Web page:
What to Watch
Trump to Make Announcement on Iran Nuclear Deal Tuesday
Energy investors are waiting for word on whether the U.S. will withdraw from the Iran nuclear accord, after President Donald Trump said he would announce on Tuesday his decision on the agreement that he has criticized in the past.
Analysts said chances are slim that the Trump administration will choose to maintain the 2015 accord forged with Iran and six world powers.
The deal lifted economic sanctions on Tehran and allowed the country to boost its oil production in exchange for limits on its nuclear program.
Some European officials are holding out hope that Mr. Trump, after leaving the agreement, would move slowly to reimpose sanctions, which would leave more time for negotiations, write the WSJ’s Michael R. Gordon, Felicia Schwartz and Ian Talley.
The message came as British Foreign Secretary Boris Johnson made a last-minute appeal to save the accord, including meetings with Vice President Mike Pence and Secretary of State Mike Pompeo, and an appearance on one of Mr. Trump’s favorite television programs, “Fox & Friends.”
“We need to find a way of fixing that and the president has been right to call attention to it,” Mr. Johnson said on Fox. “But you can’t do that without just throwing the baby out with the bath water.”
Mr. Trump tweeted Monday that he would announce his decision at 2 p.m. Tuesday.
Meanwhile, oil prices edged down Tuesday morning after closing at more-than-three-year highs the day prior, as the market paused ahead of Mr. Trump’s expected decision over the Iran nuclear deal.
Brent crude, the global oil benchmark, was down 0.96% to $75.44 a barrel on London’s Intercontinental Exchange. On the New York Mercantile Exchange, West Texas Intermediate futures were trading down 1.23% at $69.88 a barrel.
Iran Moves Ahead With Oil Export Project Despite Looming Sanctions
Iran is preparing to ship the first batches of its West Karoun crude oil grade for May or June, amid concerns that the U.S. will reimpose economic sanctions against the country, Reuters reports.
“We expect little Iran production effect in 2018 if the waiver is not renewed. Many European buyers would likely suspend purchases in the short term.”
– Analysts at Barclays
Uranium Loses Power as U.S. Miners Seek Protection
Miners have petitioned the Trump administration in January for a cap on imports of uranium used in nuclear-power generation, because of fears that falling world prices for the radioactive material could further harm embattled U.S. uranium producers.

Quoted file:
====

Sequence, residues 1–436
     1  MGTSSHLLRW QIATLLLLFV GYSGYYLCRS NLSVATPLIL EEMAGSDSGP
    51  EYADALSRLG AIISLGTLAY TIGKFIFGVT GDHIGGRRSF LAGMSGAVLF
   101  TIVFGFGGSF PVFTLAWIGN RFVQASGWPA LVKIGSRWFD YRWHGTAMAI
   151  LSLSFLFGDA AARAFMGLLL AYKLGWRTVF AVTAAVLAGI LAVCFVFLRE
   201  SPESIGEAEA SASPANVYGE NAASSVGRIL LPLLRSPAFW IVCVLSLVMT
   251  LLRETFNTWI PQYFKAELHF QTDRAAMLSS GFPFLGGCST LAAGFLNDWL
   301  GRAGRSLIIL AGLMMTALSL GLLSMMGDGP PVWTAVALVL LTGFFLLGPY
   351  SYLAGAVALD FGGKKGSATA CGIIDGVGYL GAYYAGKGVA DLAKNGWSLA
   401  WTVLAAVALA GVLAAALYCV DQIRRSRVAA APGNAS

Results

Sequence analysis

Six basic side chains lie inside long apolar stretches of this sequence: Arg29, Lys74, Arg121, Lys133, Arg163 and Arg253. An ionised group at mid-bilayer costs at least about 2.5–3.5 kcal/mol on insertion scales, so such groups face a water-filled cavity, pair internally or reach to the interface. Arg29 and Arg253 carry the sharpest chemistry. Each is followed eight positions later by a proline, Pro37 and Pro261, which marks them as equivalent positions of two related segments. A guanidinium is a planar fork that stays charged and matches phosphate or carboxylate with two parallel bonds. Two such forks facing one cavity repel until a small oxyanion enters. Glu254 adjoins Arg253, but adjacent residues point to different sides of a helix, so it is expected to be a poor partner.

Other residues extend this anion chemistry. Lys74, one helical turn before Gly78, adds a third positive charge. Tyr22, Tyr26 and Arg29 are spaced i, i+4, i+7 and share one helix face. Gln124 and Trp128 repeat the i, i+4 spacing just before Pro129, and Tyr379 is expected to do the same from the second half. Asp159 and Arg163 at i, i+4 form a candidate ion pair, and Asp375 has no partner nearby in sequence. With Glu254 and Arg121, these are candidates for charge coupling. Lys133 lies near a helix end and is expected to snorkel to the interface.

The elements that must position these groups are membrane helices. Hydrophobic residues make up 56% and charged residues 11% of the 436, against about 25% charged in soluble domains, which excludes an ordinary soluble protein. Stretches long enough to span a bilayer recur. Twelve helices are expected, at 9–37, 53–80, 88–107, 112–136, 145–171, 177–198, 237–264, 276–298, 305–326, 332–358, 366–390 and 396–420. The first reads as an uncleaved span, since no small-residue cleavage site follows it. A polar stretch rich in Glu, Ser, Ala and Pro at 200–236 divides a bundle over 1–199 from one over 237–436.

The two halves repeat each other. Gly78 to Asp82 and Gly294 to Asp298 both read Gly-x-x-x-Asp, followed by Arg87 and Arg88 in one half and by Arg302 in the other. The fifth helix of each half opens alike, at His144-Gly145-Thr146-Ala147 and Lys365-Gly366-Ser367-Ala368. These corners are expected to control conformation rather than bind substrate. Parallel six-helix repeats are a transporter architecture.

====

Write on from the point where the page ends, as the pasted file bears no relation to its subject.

The price of U3O8, a common uranium compound used mainly in nuclear-power generation, has already sunk 12% this year to roughly $21 a pound—near its 12-year low of $18, struck in 2016—according to the Ux Consulting Co.
WSJ Energy In-Depth
With Oil Above $70, Investors Bullish on Energy Again
Energy companies are back in vogue with investors as their shares have increased in value in tandem with crude’s rising fortunes, write the Wall Street Journal’s Michael Wursthorn and Akane Otani.
In the past, wary investors avoided the energy sector after many market participants lost their shirts when oil prices began skidding in 2014 from above $100 a barrel to under $30.
Even as prices showed signs of rebounding earlier in 2018, wary investors shunned the S&P 500 energy zone, which suffered its worst three-month stretch in three years in the first quarter.
Now fears that bubbling Middle East tensions could disrupt oil production have pushed crude prices sharply higher in recent weeks.
Profits rebounded at the world’s biggest oil companies, with Exxon Mobil Corp. and Chevron Corp. last month posting their best first-quarter results in years.
Not all investors are convinced that crude prices will remain high.
“The oil rally might last longer, but I’m skeptical about whether oil prices stay where they are,” said Kate Warne, investment strategist at Edward Jones.
State firm Qatar Petroleum is continuing its expansion plans despite an economic blockade that has hurt Doha, Reuters reports. Qatar Petroleum currently produces 4.8 million barrels of oil equivalent per day but wants to to increase its production to 6.5 million barrels of oil equivalent per day in the coming 8 years.
May 10: Africa Oil & Power is holding its first investor forum in London. The speakers include Pablo Galante Escobar, the head of LNG for Vitol, and Gabriel M. Obiang Lima the minister of mines and hydrocarbons of Equatorial Guinea.
June 5-6th: The London Crude Oil Summit. The speakers include Franco Magnani CEO of Eni Trading and Shipping.